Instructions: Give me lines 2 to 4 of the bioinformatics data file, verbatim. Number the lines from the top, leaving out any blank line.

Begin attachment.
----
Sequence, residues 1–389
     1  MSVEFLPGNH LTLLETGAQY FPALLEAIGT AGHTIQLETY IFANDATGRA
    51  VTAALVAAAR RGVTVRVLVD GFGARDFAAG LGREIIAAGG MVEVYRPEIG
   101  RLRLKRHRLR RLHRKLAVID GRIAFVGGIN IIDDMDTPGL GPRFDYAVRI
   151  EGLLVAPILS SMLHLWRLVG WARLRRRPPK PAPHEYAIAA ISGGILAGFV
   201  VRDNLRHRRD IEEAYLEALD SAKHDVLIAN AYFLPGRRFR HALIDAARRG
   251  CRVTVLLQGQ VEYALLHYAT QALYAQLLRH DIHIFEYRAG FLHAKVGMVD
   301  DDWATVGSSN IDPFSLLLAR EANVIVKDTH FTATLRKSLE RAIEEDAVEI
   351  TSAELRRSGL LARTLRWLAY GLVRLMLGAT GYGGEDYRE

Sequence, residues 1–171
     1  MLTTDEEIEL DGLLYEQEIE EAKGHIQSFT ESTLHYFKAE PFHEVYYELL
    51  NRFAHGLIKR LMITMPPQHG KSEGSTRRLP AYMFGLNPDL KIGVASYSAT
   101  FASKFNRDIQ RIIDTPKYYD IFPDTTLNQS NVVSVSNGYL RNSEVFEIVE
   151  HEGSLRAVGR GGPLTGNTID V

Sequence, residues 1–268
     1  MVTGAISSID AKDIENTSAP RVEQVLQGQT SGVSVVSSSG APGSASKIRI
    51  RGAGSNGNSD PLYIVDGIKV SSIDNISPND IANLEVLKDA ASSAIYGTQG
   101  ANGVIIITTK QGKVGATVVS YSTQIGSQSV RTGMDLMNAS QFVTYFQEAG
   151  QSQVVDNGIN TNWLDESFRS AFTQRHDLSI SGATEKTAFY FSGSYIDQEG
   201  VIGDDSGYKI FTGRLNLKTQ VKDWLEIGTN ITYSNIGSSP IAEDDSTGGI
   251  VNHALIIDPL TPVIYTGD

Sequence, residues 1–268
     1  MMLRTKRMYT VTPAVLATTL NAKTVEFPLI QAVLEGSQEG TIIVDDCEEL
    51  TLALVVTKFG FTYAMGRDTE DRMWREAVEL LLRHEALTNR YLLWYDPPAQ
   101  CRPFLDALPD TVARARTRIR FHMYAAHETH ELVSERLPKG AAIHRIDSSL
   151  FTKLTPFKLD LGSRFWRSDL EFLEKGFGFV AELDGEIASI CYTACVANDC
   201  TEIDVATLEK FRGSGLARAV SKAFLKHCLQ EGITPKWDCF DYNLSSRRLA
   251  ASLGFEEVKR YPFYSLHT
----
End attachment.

     1  MSVEFLPGNH LTLLETGAQY FPALLEAIGT AGHTIQLETY IFANDATGRA
    51  VTAALVAAAR RGVTVRVLVD GFGARDFAAG LGREIIAAGG MVEVYRPEIG
   101  RLRLKRHRLR RLHRKLAVID GRIAFVGGIN IIDDMDTPGL GPRFDYAVRI